The Milwaukee Metropolitan Sewerage District has lost its attempt to avoid paying a property owner more than $1 million in damages caused by failure to properly maintain the deep tunnel system.
The Wisconsin Supreme Court on Wednesday denied MMSD’s petition for review, letting stand an appeals court opinion affirming the judgment in favor of property owner Cianciola LLP.
According to court documents, Bay View-based Cianciola owns a warehouse on Lincoln Avenue in Milwaukee, and MMSD obtained an easement allowing for construction of the tunnel under the property.
The 13,000-square-foot warehouse is operated by Cianciola-owned Pre-Pac Produce Distributors Inc., which processes, packs and ships potatoes to grocery stores nationwide.
In a 1988 deal, MMSD agreed to maintain the sewer, and to pay Cianciola for any damage resulting from MMSD’s failure to maintain the sewer.
MMSD paid Cianciola about $81,866 in 1991 for soil compression and property damage caused by tunnel construction, according to court documents.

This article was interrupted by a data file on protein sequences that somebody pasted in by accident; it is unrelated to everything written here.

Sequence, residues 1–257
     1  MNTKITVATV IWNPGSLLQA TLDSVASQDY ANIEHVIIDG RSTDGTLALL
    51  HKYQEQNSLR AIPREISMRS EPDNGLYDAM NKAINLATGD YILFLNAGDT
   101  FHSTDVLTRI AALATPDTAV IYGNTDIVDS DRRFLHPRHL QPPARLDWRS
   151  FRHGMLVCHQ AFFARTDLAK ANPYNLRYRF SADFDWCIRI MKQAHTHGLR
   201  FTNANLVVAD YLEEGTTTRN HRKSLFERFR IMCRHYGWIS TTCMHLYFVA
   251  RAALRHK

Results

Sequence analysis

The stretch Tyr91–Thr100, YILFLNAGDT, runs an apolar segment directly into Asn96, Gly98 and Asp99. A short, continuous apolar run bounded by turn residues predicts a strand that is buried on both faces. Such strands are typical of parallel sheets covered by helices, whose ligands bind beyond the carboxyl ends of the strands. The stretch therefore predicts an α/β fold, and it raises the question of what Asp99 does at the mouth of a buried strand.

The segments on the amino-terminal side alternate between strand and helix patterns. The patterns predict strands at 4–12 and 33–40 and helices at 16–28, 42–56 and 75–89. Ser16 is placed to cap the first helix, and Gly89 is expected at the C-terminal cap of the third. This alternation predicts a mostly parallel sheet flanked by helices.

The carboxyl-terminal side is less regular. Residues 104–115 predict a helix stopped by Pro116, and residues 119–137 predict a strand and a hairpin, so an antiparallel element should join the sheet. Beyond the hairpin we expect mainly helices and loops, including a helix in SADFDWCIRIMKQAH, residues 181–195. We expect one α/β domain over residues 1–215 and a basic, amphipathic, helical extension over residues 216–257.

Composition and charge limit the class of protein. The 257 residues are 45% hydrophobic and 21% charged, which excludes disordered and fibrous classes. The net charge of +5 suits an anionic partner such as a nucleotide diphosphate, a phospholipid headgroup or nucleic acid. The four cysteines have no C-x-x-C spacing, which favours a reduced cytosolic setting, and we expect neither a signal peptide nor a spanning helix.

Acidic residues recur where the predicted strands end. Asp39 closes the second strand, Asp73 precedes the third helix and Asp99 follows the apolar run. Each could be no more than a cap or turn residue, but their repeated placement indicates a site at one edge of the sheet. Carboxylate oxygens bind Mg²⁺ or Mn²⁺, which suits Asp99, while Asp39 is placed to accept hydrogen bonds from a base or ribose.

In 2007, Cianciola sued MMSD, contending that leakage from the tunnel caused the property to settle. A circuit court judge agreed and awarded Cianciola $1.08 million in damages.
In its appeal of the decision, MMSD claimed the action was barred by the builders’ statute of repose, which, in general, bars lawsuits based on faulty construction projects more than 10 years after completion of the project.
MMSD, according to court documents, also argued the claims were barred by the six-year statute of limitation for contract claims on the grounds that its obligation to maintain the tunnel started on the date the project finished.
But an appeals court rejected those arguments last fall, holding that an exception applies when the defendant expressly warrants or guarantees the quality of the work. Because the easement between MMSD and Cianciola included the provision that MMSD would “maintain” the tunnel in good order, the court held the lawsuit was not barred as untimely.
Brookfield real estate attorney Brent Nistler, who represented Cianciola, said the circumstances and arguments in the case were unique.
“What the case developed,” he said, “is that an easement agreement, at least the one in this case, qualified as a warranty and guarantee.”
Attorneys for MMSD declined to comment on the Supreme Court’s decision not to take the case.